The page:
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Veterinary Normal Ranges

From Joanna Carroll:

What recommendations would you make for veterinary medicine? I work at the North Carolina State University College of Veterinary Medicine Veterinary Teaching Hospital. We just purchased a new automated coag analyzer, the Stago STA Satellite. Currently we have the semi-automated STart 4 by Stago. We have not been using Stago reagents, but we will probably switch to their prothrombin time (PT) reagent and use their calcium chloride for partial thromboplastin time (PTT). If our comparisons are close, can we adjust our current ranges or should we reestablish new?

It is not feasible to acquire normal samples from 60 dogs, cats, and horses in a week, as we have to ask people to bring their pets in, or draw blood at home and bring it in. It is also very difficult to get enough blood to have 5-10 aliquots from each sample. We can manage to get around 30 samples from dogs, sometimes 20 or so from horses. We do want to follow protocol as much as possible, as we pride ourselves in accurate results.

Thank you for your time.
Joanna Carroll MT (ASCP)
Clinical Pathology Lab
NCSU College of Veterinary Medicine

Hello, Joanna, and thank you for your question. Where normal ranges exist, you can legitimately use a confirmatory approach, which typically specifies 20 aliquots from normal subjects. Assay the specimens, compute mean and 95% confidence interval or ±2 SD, compare to the existing normal range, and adjust if necessary. Only if the new normals differ significantly, for instance by >20%, would you want to establish a new normal range from scratch.

In instances where normal aliquots are difficult to collect, for instance, when establishing pediatric values in human medicine, published reference intervals are a reasonable substitute, though slightly less accurate. The key is to establish at what point does an abnormal value trigger intervention.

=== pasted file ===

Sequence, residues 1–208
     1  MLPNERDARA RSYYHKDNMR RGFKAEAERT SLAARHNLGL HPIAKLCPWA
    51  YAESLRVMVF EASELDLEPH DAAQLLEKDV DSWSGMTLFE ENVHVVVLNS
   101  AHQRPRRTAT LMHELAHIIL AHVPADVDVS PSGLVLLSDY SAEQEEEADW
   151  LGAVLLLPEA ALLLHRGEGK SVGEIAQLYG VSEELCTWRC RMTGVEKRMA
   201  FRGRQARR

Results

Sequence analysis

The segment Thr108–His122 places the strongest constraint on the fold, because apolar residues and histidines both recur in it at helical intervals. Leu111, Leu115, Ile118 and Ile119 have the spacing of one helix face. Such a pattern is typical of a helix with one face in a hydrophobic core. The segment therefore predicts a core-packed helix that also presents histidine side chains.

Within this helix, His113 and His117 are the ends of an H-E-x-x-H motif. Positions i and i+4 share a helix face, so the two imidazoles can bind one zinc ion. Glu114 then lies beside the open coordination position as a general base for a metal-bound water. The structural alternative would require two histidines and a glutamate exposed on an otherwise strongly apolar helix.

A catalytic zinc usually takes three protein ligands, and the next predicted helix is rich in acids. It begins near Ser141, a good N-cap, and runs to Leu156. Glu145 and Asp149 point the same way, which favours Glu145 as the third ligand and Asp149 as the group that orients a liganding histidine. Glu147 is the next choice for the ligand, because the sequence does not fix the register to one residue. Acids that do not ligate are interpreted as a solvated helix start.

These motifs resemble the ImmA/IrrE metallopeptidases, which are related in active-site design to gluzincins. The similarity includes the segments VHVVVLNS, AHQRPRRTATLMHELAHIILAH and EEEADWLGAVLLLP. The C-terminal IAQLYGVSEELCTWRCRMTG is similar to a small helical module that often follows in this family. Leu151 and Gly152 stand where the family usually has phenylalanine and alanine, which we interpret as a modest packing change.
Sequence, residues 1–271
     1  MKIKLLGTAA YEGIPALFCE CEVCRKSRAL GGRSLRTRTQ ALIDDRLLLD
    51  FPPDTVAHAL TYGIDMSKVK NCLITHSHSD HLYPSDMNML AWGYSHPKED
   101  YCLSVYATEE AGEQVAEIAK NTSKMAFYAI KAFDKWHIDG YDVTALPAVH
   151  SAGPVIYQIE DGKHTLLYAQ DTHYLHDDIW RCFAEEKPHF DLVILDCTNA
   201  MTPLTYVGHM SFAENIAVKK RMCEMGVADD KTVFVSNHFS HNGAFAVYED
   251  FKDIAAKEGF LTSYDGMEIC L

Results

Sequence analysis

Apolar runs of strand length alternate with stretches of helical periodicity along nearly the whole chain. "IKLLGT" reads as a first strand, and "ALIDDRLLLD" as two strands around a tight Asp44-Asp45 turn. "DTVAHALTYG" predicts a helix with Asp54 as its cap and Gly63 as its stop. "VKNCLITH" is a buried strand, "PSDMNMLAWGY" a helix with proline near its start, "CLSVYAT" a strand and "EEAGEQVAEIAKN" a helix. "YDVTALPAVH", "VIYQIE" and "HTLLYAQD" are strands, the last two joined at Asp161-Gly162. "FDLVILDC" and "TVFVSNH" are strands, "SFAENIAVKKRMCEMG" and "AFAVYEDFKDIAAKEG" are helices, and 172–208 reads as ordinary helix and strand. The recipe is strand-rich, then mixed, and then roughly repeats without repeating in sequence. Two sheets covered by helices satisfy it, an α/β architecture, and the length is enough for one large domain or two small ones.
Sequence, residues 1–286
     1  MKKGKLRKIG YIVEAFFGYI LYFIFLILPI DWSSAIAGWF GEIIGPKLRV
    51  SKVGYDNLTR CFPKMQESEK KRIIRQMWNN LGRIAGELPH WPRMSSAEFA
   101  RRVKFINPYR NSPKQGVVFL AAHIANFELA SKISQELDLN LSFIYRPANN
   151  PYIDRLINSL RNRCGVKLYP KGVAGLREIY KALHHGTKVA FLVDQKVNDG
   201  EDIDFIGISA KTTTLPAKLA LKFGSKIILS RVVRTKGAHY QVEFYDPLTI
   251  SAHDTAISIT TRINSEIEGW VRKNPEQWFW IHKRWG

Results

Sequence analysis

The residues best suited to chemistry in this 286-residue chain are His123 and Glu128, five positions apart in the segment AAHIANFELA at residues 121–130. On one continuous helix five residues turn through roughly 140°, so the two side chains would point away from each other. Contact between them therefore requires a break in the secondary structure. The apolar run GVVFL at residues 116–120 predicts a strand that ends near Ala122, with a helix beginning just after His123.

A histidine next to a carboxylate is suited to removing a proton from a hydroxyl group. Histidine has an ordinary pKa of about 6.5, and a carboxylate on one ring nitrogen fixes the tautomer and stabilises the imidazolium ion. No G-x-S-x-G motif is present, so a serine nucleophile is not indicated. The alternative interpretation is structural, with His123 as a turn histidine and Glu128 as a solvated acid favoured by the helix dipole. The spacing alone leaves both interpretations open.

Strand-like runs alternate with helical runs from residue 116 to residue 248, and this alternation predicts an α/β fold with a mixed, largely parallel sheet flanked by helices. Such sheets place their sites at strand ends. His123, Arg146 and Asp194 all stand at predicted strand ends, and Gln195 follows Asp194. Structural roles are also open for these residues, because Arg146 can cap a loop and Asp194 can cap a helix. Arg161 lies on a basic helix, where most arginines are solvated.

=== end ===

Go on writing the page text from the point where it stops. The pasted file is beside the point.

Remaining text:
This is the first question we’ve had on the topic of hemostasis in veterinary medicine, and I would be interested to learn how other veterinary labs establish normals, and also to learn are the most common applications for PTs, PTTs, and other hemostasis tests.

Comments (3)
Apr 13, 2011 8:01am

One of the issues in veterinary medicine is the breed of the
One of the issues in veterinary medicine is the breed of the animal. For example Beagles may have slightly different results compare to Spaniels. In humans the age is of equivalent importance. The Start4 is used in a French veterinary schools to manage PTs under 10 seconds and PTTs under 30. These numbers are not seen in human patients.

Apr 5, 2011 11:54am

Thanks for your comments. Typically we try for 30 normal sa
Thanks for your comments. Typically we try for 30 normal samples from each species that we deal with (dogs, cats, horses). Getting 30 normal dogs is fairly easy, cats and horses however not so easy. We do the best we can and our ranges seem comparable with other veterinary teaching hospitals.

Apr 4, 2011 11:45am

I would suggest to purchase Schalm’s Veterinary Hematology f
I would suggest to purchase Schalm’s Veterinary Hematology for reference intervals for different species of animals. To perform coagulation testing on a variety of animal species one should have an instrument that can measure short and prolonged times in PT, APTT and speciality coagulation assays. Many speciens have vastly different coagulation protein levels than humans. For example rabbits have FV levels starting sometimes at 3,000% activity to start. Make sure your instrumentation and reagents have maximum flexibility.

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